Anorexia Recovery as an Adult: Teenage Brat Syndrome 2


Me before Matt is home from work: I miss Matt. Hope he gets home soon. He’s so lovely. 

Matt: “Hey Babe, how was your day?”

Me: OMG why are you always asking me questions. Can’t you just leave me alone!


I wasn’t much of a teenage brat when I was a teenager. Probably because I didn’t really hit puberty until I was 17. When I was 29, however, I could be pretty horrid.

There are different kind of horrid, Anorexia demonstrated a full spectrum of horrible me. That’s not because I’m truly a horrible person (I’m not, honest!), it’s just because when one’s body and brain are in a state of prolonged malnutrition one isn’t at one’s best.

There was the sort of horrid I was when I felt pressured to eat. Then there was the hangry-horrid when I wouldn’t allow myself to eat. In recovery, there was the teenage-brat horrid.

Teenage Brat Syndrome 

Usually this only comes out with people whom we really love. I was always perfectly civil and nice to strangers and acquaintances. The people who bore the burnt of my brattiness where my parents and my partner. Thankfully I wasn’t a brat the whole time or nobody would have put up with me. But that is mostly because I bit my tongue and forced myself to be polite and civil when what I really wanted to do was have a tantrum.

People whom we are close to will tolerate us being crabby in a way that others will not, so that’s one reason why my irritability would come out with Matt and my Mum. But additionally, people whom we are closest to pose the greatest threat to Anorexia. These are the people who are going to pressure us to eat. Anorexia certainly saw my mother as a threat because every time she saw me she would tell me I needed to eat more. And I did. Don’t you just hate it when your mother is right all the time?

Teenage Brat Syndrome is that general threat-based irritation that you have towards the people who threaten your illness and therefore place you in a heightened state of stress plus  (eventually) the hormonal changes that start to happen as you begin to eat more food/weight restore. Everyone expects teenagers to be vile because they are going through puberty. I went through puberty at 29. I had all the signs and symptoms of puberty — acne, mood swings, cramps, etc — but none of the sympathy.

Being a fully grown woman and just hitting puberty is somewhat lonely. Most of my friends were nursing toddlers and I was trying to work out what bra size I was. Honestly though, that was one of the less stressful elements. What really perturbed me was my intense irritability. I would get this ripple of sheer annoyance run up my spine if Matt so much asked me if the bins needed to go out. Alarmingly, for a short while my only conclusion was that I was indeed a complete and utter bitch and that my Anorexia had stifled my bitchiness. Here I was married to the most loving and patient man on the planet and yet I could find even him irritating! What kind of monster was I turning into?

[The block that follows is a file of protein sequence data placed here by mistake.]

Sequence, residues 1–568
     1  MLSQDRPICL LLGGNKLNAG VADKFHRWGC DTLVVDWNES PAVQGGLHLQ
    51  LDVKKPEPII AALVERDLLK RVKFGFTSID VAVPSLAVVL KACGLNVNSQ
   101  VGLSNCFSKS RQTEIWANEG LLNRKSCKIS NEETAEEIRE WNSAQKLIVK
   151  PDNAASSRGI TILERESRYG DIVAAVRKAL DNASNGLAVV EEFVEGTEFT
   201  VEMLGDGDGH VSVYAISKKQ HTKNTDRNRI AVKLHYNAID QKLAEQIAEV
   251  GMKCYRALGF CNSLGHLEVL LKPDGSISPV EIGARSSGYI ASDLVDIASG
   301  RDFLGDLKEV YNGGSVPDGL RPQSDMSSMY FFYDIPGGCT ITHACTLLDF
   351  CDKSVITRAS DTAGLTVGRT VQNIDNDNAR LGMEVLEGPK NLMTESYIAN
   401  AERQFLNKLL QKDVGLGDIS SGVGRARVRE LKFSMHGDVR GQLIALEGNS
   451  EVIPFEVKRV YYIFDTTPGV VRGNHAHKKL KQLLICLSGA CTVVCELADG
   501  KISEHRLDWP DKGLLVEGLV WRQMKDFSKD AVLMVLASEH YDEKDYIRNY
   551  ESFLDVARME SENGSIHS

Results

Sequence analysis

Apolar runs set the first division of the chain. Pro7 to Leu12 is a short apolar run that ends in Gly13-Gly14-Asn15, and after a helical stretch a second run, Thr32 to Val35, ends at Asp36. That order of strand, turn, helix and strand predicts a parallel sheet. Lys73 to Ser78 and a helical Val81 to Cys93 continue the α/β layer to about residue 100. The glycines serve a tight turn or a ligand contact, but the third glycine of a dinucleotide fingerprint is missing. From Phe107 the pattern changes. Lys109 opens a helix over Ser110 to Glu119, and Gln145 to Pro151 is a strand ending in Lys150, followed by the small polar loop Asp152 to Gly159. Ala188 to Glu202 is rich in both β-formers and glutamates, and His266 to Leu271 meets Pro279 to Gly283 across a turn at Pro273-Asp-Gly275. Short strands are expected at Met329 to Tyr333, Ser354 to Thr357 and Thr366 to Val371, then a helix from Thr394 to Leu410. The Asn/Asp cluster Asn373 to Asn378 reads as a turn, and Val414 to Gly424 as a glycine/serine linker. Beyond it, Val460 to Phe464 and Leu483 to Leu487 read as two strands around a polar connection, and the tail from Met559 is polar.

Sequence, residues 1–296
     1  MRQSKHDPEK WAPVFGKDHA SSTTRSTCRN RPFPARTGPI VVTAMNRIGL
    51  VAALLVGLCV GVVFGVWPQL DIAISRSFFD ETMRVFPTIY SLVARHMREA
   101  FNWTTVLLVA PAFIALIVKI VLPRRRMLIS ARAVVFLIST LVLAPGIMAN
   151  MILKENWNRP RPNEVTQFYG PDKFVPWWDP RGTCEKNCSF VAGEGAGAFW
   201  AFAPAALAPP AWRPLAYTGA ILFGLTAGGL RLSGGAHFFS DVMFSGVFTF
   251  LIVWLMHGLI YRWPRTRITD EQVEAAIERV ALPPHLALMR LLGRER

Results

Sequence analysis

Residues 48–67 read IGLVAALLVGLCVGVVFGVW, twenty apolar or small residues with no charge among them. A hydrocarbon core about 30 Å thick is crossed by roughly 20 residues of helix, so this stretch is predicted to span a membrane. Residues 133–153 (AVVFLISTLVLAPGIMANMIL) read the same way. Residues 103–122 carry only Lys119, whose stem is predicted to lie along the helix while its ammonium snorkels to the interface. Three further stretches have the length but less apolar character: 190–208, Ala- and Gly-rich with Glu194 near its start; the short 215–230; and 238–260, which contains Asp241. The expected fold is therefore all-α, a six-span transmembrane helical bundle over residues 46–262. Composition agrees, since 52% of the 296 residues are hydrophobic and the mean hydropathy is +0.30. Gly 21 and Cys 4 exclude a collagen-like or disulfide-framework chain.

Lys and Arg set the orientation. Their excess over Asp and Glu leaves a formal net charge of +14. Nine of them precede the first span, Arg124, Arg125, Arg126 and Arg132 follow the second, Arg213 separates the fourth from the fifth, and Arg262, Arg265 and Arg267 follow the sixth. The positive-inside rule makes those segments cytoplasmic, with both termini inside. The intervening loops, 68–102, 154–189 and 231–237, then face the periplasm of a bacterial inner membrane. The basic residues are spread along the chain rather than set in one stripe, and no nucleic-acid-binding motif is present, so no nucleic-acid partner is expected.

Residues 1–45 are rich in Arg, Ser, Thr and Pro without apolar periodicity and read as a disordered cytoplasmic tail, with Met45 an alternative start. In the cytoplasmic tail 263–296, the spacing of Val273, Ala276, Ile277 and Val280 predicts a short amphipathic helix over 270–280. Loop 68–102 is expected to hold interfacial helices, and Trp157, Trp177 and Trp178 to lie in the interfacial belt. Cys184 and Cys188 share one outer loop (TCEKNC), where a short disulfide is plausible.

A teenage kind of monster.

Just to prove this wasn’t a problem that only I have had, here is a statement from a client:

“But I don’t WANT 3 eggs in my omelette, I only want 2”; “it’s not FAIR that I have to have another snack, YOU don’t have to have one; “why won’t you let me run? I hate you, you’re ruining my life!”.  Are these the ramblings of an adolescent, outraged teenage girl?  Nope, these are the comments that I, a 40 year old woman says to her husband on a daily basis.  Because I have an eating disorder and am therefore also a teenage brat.

 

For the sake of those you love … be nice!

Luckily for all involved, my Teenage Brat Syndrome passed as my recovery progressed. Turns out that when my body is out of chronic malnutrition and my endocrine system is fully functional I am actually an alright person after all. It’s such a relief not to feel that prickle of irritation aimed at someone who I genuinely love very much. But, this stage lasted long enough for me that had I not given myself a pretty stern talking to, I may not have had any marriage left by the time I reached full remission.

“Be nice. Fucking be nice!” 

I would have to tell myself this single thought over and over again in my head as the anger and desire to lash out tingled though me. I can have a very sharp tongue, and I can be hurtful. I knew this wasn’t really me talking — but I figured I am responsible for what comes out of my mouth even if that is influenced by recovery stress. There is no excuse for being snarky.

Pro tips for when you want to bite someones’ head off:

  1. Don’t say anything – wait for the rage to pass
  2. Breathe
  3. Be nice. You know that rule your mother taught you about “if you can’t say anything nice don’t say anything at all?” Use it.
  4. Fake it. Smile. Pretend you are happy and not irritated. That might actually be the case. You won’t know until you try it.

This will pass. Your heightened levels of irritability will subside. In the meantime, fake being nice. If you don’t, you might find that by the time you reach remission you don’t have anyone left to be nice to.

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About Tabitha Farrar

I work as Head of Marketing for a software startup in Boulder. As a recovered Anorexia sufferer, I advocate for proper understanding of eating disorders in my spare time. On that note, I wrote a book about my own journey into eating again called Love Fat.


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2 thoughts on “Anorexia Recovery as an Adult: Teenage Brat Syndrome

  • Jessica

    Wow I feel like you opened the current chapter of my life and read it aloud! Thank you for bringing this issue to light, and for sharing this part of your journey with us

  • Anonymous

    Thanks for this post. It is so true, and it is great to be reminded that the demon is the disease- not you! Thanks for sharing the four steps at the end. It is great advice me, and my partner.